Top Link Link to the article

Let's play cards!

The retro library, a reference work from the end of the 19th century, provides a wonderful look into the past of playing cards.

The page "Bridge is cool" also deals with the history of poker. The poker portal "poker-olymp" has collected the meaning of the most important cards.

The monk Johannes von Rheinfelden explains in his Tractatus de moribus et disciplina humanae conversationis, the oldest known in Europe description of playing cards, rules of the game and characters of the characters as well as the entire social order of that time. A copy of it is in the University Library Basel.

A very comprehensive collection of games offers the site with 633 traditional and 579 new rules from 117 countries around the world.

If you are interested in magic, you will not be able to avoid Jochen Zmeck's "Handbook of Magic" - a standard work for sorcerer apprentices and old hands. 14 of the 39 chapters are about card art.

Top Link Link to the article

Duel in the sun

The Julius Kühn Institute, the Federal Research Center for Cultivated Plants, has summarized the most important information on the bacterium Xylella fastidiosa in a leaflet.

The infested zone in southern Italy is five times as large as Berlin, shows the current map.

The EU Commission is constantly adapting the measures to eradicate or control the bacterium and updates the list of Xylella infected plants.

The EU-funded research project POnTE (Pest organisms threatening Europe) and XF-ACTORS are investigating the transmitter: the meadow foam cicada.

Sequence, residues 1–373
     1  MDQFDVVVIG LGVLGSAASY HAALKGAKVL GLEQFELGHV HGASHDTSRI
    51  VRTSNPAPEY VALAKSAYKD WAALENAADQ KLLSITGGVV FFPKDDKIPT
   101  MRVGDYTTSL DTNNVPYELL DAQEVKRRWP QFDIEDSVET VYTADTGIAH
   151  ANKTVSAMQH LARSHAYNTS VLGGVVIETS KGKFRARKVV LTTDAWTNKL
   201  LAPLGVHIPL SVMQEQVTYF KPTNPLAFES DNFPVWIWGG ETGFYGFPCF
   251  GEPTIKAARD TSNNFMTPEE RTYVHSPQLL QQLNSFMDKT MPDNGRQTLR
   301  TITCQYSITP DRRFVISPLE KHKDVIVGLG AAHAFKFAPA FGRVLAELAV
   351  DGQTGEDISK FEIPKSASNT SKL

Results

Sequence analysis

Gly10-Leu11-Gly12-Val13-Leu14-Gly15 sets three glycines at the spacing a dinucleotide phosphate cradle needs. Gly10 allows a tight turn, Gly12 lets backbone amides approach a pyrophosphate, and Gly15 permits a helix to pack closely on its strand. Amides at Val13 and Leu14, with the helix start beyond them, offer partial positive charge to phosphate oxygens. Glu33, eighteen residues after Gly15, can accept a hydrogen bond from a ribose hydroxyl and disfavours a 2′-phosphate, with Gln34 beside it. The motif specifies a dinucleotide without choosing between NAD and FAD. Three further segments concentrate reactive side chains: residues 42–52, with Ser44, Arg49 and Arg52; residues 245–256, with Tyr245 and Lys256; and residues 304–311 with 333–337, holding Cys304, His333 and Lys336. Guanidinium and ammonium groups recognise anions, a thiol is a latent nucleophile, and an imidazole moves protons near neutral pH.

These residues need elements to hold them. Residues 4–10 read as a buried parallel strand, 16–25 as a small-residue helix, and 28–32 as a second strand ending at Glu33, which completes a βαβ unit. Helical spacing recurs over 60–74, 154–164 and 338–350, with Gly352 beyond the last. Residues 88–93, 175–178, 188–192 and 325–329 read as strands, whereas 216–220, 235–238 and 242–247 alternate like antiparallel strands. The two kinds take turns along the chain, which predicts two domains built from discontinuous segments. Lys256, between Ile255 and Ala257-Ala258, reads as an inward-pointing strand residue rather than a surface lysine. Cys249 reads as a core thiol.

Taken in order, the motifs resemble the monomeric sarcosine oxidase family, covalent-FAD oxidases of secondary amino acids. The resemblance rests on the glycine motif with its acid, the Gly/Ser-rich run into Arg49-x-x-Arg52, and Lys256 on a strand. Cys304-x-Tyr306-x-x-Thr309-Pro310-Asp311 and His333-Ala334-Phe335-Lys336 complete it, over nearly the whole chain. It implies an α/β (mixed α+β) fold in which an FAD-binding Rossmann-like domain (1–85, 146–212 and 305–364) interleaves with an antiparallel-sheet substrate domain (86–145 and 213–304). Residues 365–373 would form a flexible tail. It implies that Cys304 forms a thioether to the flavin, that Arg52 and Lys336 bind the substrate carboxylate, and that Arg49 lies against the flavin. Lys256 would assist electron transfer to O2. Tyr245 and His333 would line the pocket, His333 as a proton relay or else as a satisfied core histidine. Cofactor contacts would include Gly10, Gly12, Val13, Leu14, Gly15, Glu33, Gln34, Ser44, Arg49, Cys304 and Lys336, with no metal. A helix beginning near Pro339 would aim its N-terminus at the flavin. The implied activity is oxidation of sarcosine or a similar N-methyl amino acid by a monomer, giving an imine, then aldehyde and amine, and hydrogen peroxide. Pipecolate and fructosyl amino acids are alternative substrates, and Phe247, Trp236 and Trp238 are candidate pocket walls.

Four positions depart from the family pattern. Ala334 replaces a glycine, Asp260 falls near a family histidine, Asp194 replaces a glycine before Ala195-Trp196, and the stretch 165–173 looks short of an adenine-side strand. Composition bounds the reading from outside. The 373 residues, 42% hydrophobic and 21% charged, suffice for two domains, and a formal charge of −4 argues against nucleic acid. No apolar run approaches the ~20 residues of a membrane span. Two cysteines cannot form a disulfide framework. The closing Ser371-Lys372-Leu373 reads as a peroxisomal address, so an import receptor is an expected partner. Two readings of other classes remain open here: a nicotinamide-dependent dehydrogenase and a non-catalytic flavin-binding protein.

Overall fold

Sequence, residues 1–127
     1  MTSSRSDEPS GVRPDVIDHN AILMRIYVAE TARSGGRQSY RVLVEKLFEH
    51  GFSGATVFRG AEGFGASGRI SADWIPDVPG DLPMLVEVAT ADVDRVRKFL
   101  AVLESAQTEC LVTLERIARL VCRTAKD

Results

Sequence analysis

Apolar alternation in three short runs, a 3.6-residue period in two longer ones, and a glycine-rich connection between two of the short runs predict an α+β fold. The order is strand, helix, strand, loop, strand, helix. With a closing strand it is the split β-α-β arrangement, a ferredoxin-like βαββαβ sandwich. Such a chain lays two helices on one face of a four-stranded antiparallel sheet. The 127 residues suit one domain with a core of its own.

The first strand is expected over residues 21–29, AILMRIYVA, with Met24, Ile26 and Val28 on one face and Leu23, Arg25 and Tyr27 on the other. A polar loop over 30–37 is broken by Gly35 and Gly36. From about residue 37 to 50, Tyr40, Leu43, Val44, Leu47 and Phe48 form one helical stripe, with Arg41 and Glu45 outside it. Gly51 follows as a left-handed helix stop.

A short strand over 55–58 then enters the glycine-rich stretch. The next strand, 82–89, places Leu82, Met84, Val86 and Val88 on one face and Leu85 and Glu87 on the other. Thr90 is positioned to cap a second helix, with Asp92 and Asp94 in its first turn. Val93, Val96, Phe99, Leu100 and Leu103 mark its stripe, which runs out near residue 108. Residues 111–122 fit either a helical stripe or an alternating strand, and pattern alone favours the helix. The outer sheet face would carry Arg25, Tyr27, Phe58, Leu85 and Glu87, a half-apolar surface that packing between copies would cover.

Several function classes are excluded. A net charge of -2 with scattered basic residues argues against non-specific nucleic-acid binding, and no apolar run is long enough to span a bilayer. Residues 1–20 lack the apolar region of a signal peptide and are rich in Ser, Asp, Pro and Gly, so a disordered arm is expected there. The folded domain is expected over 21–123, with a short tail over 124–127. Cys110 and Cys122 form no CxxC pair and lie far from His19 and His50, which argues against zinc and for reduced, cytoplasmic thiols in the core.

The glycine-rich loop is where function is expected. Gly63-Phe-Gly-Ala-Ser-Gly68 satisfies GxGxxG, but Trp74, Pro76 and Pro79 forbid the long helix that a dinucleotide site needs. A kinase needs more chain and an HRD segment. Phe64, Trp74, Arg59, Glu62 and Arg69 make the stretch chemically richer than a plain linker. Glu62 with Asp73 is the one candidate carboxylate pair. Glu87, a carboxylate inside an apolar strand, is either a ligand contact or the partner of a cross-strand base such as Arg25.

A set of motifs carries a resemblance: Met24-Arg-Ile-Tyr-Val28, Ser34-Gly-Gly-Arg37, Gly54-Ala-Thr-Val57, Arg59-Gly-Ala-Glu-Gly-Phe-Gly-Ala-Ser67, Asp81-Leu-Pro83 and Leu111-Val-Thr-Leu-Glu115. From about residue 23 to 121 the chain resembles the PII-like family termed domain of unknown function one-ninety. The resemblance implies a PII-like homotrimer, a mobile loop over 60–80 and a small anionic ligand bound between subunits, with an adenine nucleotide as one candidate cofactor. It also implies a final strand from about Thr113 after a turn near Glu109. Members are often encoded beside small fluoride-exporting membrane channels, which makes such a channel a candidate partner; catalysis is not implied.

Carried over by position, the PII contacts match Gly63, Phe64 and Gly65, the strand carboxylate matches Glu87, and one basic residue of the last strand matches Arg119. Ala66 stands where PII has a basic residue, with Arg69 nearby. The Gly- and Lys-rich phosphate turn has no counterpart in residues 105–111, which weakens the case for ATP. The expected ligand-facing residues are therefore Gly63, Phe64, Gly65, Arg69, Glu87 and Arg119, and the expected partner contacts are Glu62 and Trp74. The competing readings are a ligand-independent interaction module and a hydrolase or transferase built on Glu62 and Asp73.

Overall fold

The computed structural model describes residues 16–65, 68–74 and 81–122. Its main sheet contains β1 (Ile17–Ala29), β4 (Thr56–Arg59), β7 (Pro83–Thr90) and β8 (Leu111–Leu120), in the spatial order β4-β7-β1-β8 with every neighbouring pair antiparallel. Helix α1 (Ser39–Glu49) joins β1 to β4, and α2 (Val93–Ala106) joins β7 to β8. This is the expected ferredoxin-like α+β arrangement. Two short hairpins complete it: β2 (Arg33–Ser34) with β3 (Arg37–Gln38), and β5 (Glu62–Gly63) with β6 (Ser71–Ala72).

That Xyella could also spread in Northern Europe, show computer modeling of the European Food Safety Authority (EFSA).

The working group of the Suny College of Environmental Sciences and Forestry is testing genetic engineering methods to rescue the chestnut.

ZEIT ONLINE writes about the great elm dying in Germany on this page.

Top Link Link to the article

Where are we going? Mobility of the Future, Part 2

The number of studies on the mobility of the future is large, because electromobility, autonomous vehicles and ride pooling, as well as cycling and another, pedestrian-friendly urban development are considered important trends for the coming years. Here is a selection:

  • "The Future of Mobility 3.0" by the consulting firm Arthur D. Little (2018); interesting here is the view of the different conditions of three types of international metropolises for a new mobility.
  • "Turnaround for Germany: The Road to CO2-Free Mobility by 2035", published by Greenpeace (2017); The short version of the study prepared by the Wuppertal Institute provides a good overview of what to do by 2035.
  • "Urban Ranking on Sustainable Mobility", published by Greenpeace (2017); Urbanista's urban ranking, which offers a wealth of highly interesting statistics on German cities, contains many surprises.
  • "The Evolution of Mobility", published by the ADAC (2017); Above all, the study prepared by the Zukunftsinstitut takes a look at the mobility needs of different social groups and thus takes away from a technology-driven approach that is characteristic of IT and car companies.
  • "A time of unprecedented change in the transport system" by the British Government Board of Science (2019); The study, published in January 2019, first deals with the history of transport in an industrialized country, in this case Great Britain, as well as today's challenges, and then outlines various scenarios for the year 2040.

Top Link Link to the article


We thank the Lindau Nobel Laureate Meeting for support in our column "Reading Nobel Laureates".

Top Link Link to the article